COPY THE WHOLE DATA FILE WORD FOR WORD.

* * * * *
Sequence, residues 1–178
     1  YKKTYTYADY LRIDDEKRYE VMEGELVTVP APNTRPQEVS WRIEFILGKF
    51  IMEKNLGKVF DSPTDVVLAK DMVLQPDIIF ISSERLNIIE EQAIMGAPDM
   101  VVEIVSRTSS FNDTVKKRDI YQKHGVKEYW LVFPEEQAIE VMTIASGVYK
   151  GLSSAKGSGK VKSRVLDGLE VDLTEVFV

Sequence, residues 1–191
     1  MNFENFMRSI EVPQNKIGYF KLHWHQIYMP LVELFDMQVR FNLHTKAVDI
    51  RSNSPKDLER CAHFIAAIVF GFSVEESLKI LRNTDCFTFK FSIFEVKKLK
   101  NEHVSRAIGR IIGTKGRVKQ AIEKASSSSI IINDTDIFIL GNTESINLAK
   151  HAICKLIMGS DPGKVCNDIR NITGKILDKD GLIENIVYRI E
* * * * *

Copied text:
Sequence, residues 1–178
     1  YKKTYTYADY LRIDDEKRYE VMEGELVTVP APNTRPQEVS WRIEFILGKF
    51  IMEKNLGKVF DSPTDVVLAK DMVLQPDIIF ISSERLNIIE EQAIMGAPDM
   101  VVEIVSRTSS FNDTVKKRDI YQKHGVKEYW LVFPEEQAIE VMTIASGVYK
   151  GLSSAKGSGK VKSRVLDGLE VDLTEVFV

Sequence, residues 1–191
     1  MNFENFMRSI EVPQNKIGYF KLHWHQIYMP LVELFDMQVR FNLHTKAVDI
    51  RSNSPKDLER CAHFIAAIVF GFSVEESLKI LRNTDCFTFK FSIFEVKKLK
   101  NEHVSRAIGR IIGTKGRVKQ AIEKASSSSI IINDTDIFIL GNTESINLAK
   151  HAICKLIMGS DPGKVCNDIR NITGKILDKD GLIENIVYRI E